I will also have to get used to the unconventional i-Cockpit layout, here in its latest form, as in the 208, with an overlay for the digital instrument display that makes key data appear in 3D. It makes a mass-market compact crossover look like a spaceship inside, admittedly, and I’m sure that Peugeot will wheel out the facts that it has now sold more than five million cars fitted with an i-Cockpit and that customer feedback is mostly positive. But I’ve never managed to enjoy the small, almost rectangular steering wheel, nor having it unnaturally low, almost in my lap. I can raise the wheel to where it feels right, but then it blocks my view of the instruments. Perhaps I’ll feel differently after an extended period of use.
That issue aside, the interior of the 2008 does look fantastic – more befitting of a pricier car, in fact. My car’s metallic Orange Fusion paint is contrasted by black-and-grey faux leather and cloth with lime green stitching, plus a carbonfibre-print dashboard insert, which all looks really smart. Nothing I’ve touched so far has felt cheap or flimsy, and Peugeot has listened to past complaints by adding ‘piano keys’ below the 10.0in infotainment touchscreen. A regiment of buttons sit below a row of touch-sensitive icons – something I normally dislike, but in this case they’re easy to learn and then locate by rote.
The touchscreen itself has high-resolution graphics and large icons and comes with all the features you would expect in a car costing almost £27,000, including satnav, Bluetooth, DAB radio, Apple CarPlay, Android Auto and a wireless smartphone tray inside a lidded compartment below. It’s certainly a lot better than that of the original 2008, even if its menus aren’t always obvious and you have to use it to adjust the air conditioning – a common pet peeve. Thankfully, there are buttons to turn off the fan and to bring up the temperature menu.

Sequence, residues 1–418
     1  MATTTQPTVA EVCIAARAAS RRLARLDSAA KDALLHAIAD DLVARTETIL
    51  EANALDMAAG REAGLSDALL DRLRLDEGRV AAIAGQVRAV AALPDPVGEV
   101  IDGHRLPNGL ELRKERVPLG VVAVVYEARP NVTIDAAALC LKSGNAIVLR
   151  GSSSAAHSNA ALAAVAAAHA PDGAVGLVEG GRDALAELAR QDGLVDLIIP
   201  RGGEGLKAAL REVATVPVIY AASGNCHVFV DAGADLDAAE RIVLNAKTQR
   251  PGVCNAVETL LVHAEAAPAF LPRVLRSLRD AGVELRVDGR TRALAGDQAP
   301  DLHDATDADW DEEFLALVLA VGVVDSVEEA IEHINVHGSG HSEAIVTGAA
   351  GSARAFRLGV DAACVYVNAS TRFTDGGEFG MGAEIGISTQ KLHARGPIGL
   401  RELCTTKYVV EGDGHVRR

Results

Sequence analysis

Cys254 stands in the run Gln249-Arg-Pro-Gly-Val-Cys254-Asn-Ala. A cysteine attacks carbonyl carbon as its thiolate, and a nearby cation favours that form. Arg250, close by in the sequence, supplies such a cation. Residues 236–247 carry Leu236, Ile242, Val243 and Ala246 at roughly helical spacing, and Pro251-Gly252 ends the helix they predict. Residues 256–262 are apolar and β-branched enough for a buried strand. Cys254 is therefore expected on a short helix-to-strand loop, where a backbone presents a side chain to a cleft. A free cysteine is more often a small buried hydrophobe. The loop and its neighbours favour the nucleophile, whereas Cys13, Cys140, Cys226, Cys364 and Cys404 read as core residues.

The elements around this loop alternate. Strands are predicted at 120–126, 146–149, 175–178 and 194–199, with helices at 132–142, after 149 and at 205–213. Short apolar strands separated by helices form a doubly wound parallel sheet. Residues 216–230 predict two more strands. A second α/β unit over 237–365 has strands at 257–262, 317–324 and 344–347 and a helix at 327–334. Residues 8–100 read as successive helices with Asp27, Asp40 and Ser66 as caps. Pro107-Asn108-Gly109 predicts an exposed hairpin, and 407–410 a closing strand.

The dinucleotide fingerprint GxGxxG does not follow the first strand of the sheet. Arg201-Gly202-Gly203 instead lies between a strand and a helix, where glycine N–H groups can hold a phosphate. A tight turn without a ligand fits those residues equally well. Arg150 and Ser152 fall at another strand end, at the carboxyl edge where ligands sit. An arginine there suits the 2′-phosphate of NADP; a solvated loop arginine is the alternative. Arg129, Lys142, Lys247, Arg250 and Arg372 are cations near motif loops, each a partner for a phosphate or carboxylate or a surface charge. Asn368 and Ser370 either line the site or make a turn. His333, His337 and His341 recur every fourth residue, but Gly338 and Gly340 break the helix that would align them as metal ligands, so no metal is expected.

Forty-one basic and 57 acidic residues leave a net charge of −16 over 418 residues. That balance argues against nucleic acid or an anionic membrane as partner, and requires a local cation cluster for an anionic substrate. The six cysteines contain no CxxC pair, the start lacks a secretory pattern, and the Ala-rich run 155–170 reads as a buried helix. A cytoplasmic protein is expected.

The other highlights of the GT Line trim’s equipment list are a reversing camera, heated front seats, 18in diamond-cut two-tone alloy wheels, a gloss-black fake diffuser, twin tailpipes, a diamond-black roof, a leather GT steering wheel, full LED headlights and LED daytime-running lights and eight-colour ambient lighting. To that has been added an opening sunroof, adapative cruise control, blindspot monitoring and parking assistance, so there are plenty of features for me to explore.
The signs are all there, then, that the 2008 will continue Peugeot’s run of sparkling form. So much so that I’m looking forward to discovering whether this should be your compact crossover of choice over the Ford Puma and Nissan Juke – both also new members of our fleet.
There’s no doubt that the new 2008 has more visual character than the original, which always sat in a bit of a no man’s land, being too anodyne to stand out yet not competent enough to lead the class objectively. It had its merits: strong, frugal engines and decent ride comfort, but the user-unfriendly touchscreen did it no favours. Peugeot has improved on the latter front at the very least.